[5] While engaged in permitted extrajudicial activities, judges must not coerce others or take action that would reasonably be perceived as coercive. For example, depending upon the circumstances, a judge’s solicitation of contributions or memberships for an organization, even as permitted by Rule 3.7(A), might create the risk that the person solicited would feel obligated to respond favorably, or would do so to curry favor with the judge.

[6] The same Rules of the Code of Judicial Conduct that govern a judicial officer’s ability to socialize and communicate in person, on paper, or over the telephone also apply to the Internet and social networking sites like Facebook.


Clerk's Notes on Rule 3.1

Rule 3.1 is based entirely on the 2007 Model Code, but the comment has three additions that provide helpful guidance . Comment [2] is not in the Model Code. It relates to collaborative meetings that judges participate in or convene in cases involving child abuse and neglect, delinquency, and status offense cases involving at-risk children and their families. Comment [6] is not in the Model Code. It clarifies the applicability of conduct rules in the context of the Internet and social networking. Finally, the cross-reference at the end of Comment [4] was expanded to include a reference to Rule 3.7.


Appearances Before Governmental Bodies and Consultation with Government Officials

A judge shall not appear voluntarily at a public hearing before, or otherwise consult with, an executive or a legislative body or official, except:

  1. in connection with matters concerning the law, the legal system, or the administration of justice;
  2. in connection with matters about which the judge acquired knowledge or expertise in the course of the judge’s judicial duties; or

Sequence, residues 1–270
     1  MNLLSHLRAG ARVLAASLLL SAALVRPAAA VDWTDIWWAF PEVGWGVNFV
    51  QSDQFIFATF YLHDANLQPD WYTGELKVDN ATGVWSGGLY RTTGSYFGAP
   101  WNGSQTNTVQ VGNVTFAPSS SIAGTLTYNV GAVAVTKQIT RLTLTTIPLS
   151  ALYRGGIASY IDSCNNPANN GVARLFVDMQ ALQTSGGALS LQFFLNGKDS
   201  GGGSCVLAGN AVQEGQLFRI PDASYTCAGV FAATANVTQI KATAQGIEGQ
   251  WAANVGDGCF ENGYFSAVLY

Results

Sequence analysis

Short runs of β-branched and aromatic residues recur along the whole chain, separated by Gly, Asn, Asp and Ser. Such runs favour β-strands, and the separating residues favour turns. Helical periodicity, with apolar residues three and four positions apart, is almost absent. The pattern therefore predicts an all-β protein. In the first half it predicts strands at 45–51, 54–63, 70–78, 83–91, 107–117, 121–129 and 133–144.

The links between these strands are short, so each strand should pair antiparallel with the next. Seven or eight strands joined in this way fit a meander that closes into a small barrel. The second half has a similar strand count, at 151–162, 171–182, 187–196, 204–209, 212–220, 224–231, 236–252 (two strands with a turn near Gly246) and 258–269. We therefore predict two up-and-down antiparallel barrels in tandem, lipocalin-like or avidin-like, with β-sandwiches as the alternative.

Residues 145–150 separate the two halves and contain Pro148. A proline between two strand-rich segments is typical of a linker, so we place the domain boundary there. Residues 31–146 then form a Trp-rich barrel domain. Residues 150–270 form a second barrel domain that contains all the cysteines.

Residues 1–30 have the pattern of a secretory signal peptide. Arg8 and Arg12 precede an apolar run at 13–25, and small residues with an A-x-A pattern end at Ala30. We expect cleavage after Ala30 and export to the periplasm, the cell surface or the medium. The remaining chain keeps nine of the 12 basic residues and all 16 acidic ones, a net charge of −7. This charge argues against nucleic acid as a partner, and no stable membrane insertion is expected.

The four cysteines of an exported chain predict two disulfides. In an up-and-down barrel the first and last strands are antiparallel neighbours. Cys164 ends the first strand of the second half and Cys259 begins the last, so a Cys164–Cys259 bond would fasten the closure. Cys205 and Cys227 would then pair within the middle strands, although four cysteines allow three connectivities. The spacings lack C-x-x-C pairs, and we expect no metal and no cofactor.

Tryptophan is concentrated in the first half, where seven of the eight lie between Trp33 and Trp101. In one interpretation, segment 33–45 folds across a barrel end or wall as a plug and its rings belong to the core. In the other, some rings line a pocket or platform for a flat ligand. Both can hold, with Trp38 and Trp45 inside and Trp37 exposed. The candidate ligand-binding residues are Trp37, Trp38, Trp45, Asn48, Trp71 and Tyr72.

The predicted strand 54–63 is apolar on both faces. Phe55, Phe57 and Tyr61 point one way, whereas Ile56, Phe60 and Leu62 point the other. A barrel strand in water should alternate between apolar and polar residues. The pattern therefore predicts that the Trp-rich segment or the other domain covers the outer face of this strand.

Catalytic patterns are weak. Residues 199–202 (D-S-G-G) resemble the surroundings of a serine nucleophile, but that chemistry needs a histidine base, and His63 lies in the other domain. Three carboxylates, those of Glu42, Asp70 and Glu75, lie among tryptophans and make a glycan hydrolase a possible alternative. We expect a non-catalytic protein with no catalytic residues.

3. when the judge is acting pro se in a matter involving the judge’s legal or economic interests, or when the judge is acting in a fiduciary* capacity.
COMMENT

[1] Judges possess special expertise in matters of law, the legal system, and the administration of justice, and may properly share that expertise with governmental bodies and executive or legislative branch officials.

[2] In appearing before governmental bodies or consulting with government officials, judges must be mindful that they remain subject to other provisions of this Code, such as Rule 1.3, prohibiting judges from using the prestige of office to advance their own or others’ interests, Rule 2.10, governing public comment on pending and impending matters, and Rule 3.1(C), prohibiting judges from engaging in extrajudicial activities that would appear to a reasonable person to undermine the judge’s independence, integrity, or impartiality.

[3] In general, it would be an unnecessary and unfair burden to prohibit judges from appearing before governmental bodies or consulting with government officials on matters that are likely to affect them as private citizens, such as zoning proposals affecting their real property. In engaging in such activities, however, judges must not refer to their judicial positions, and must otherwise exercise caution to avoid using the prestige of judicial office.


Clerk's Notes on Rule 3.2

Rule 3.2 and its comment are based entirely on the 2007 Model Code.


Testifying as a Character Witness

A judge shall not testify as a character witness in a judicial, administrative, or other adjudicatory proceeding or otherwise vouch for the character of a person in a legal proceeding, except when subpoenaed to testify.

COMMENT

[1] A judge who, without being subpoenaed, testifies as a character witness abuses the prestige of judicial office to advance the interests of another. See Rule 1.3. Except in unusual circumstances where the demands of justice require, a judge should discourage a party from requiring the judge to testify as a character witness.

[2] Whether or not the demands of justice indicate the judge should testify depends on the nature and depth of the judge's actual awareness of the character of the party for whom the judge would testify. It also depends upon the actual necessity that it be the judge, as opposed to another possible witness who is called to testify. Only if the judge is in a unique position to offer meaningful testimony about the individual should the judge testify.